The molasses fish kill is even worse than expected, according to the state Health Department and marine biologists.
"This is the worst environmental damage to sea life that I have come across, and its fair to say this is a biggie, if not the biggest that we've had to confront in the state of Hawaii," said Gary Gill, deputy director for the Environmental Health Division of the Health Department.
We went underwater off Sand Island to capture the devastation on camera.
The Health Department has added crews to haul away the dead marine life, but that's still not enough.
At La Mariana, we found boater Russ Singer scooping out dead fish on his own with a rake.
"it's really sad to see" said Singer, as he filled an entire bucket in mere minutes. He collected dozens of mature puffer fish, eel, and reef fish, all killed by Monday's molasses spill into Honolulu Harbor.
"I can't stand looking at it" exclaimed Singer. "I think it's great if your cameras look at it too so people can really see what the real deal is."
With 233,000 gallons of thick molasses sinking to the bottom like a rock, we asked Roger Smith of Cool Blue Scuba to dive in with his camera and document the damage.
He surfaced with a bombshell: "There's nothing alive down there at all. Everything down there is dead."
Smith captured an underwater wasteland. Seven shocking minutes -- with no signs of life anywhere.
"It was shocking because the entire bottom is covered with dead fish" explained Smith. "Small fish, crabs, mole crabs, eels. Every type of fish that you don't usually see, but now they're dead. Now they're just laying there. Every single thing is dead. We're talking in the hundreds, thousands. I didn't see one single living thing underwater."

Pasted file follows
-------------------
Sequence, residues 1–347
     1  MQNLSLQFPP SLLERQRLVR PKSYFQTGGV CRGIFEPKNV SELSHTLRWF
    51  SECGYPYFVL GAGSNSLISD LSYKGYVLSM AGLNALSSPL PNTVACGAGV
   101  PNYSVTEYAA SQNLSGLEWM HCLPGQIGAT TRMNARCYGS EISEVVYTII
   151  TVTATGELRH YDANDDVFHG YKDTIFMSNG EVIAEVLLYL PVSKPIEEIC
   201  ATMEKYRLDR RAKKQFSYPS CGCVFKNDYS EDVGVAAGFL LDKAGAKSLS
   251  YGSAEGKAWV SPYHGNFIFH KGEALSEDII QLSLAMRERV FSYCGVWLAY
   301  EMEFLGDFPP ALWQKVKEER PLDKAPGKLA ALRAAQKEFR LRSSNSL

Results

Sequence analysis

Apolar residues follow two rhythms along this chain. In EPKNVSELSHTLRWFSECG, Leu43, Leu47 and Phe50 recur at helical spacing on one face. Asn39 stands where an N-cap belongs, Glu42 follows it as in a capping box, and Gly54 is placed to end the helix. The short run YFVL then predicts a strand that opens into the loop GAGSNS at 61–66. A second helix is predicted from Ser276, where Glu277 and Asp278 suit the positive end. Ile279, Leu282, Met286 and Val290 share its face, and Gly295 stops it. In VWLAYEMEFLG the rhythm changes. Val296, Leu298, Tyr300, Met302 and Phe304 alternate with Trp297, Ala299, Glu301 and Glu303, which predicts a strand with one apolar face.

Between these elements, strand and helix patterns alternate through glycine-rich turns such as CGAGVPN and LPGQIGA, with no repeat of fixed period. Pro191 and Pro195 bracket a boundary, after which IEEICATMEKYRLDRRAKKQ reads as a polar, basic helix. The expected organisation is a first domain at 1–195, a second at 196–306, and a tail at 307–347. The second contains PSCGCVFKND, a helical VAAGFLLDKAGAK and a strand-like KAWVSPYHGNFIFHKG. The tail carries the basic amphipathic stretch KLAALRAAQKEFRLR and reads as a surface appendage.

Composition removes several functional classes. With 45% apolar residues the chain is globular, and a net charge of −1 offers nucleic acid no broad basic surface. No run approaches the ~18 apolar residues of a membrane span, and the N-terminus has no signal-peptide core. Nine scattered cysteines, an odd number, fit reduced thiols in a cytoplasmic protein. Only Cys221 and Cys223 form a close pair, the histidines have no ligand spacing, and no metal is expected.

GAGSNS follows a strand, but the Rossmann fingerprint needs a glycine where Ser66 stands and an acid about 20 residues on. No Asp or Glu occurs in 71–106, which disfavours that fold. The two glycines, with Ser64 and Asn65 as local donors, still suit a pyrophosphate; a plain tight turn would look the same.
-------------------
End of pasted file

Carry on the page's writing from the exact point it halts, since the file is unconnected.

We were floored to see marine life wiped out on the ocean floor at La Mariana. That's close to 3 miles away from Pier 52, where the faulty pipe dumped the molasses into the water during loading onto a Matson ship on Monday.
We also found distressed fish suffocating, struggling to survive as far inland as Kapalama Stream.
Marine biologists said the effects in the harbor area will be long-lasting.
"This is in a bay so there's not a lot of circulation, so you're not going to have flushing of this water out," said Dr. David Field, a visiting assistant professor of marine sciences at Hawaii Pacific University. "So in this area where the spill occurred we're probably going to see the effects for a long time."
Field also has fears about what will happen when the water finally leaves the harbor area.
"As water does leave this bay area and goes out into the neighboring ocean, we can expect the effects in the long term, in days, weeks, months and probably years, to spread out over some of the South Shore reefs," he said.
The Department of Health has added crews to collect the dead fish and monitor water quality. Gary Gill said, "Unfortunately, the environmental impact will get worse before it gets better as we've seen with the fish kill."
Diver Roger Smith added, "Everything is dead. We have to start from zero because there's nothing alive."
"I think there's going to be a lot more effects that aren't so obvious and don't make as much of an impression as the fish in the video do," said Field.
Matson could be fined $25,000 a day, but has refused our repeated requests for an interview.
Today, a spokesman said "they'll do what they can," but can't clean up the molasses because it sinks, and they're only equipped to do 'surface spills.'
Our thanks to Roger Smith for taking the dramatic underwater video. You can contact him at coolbluescuba.com.
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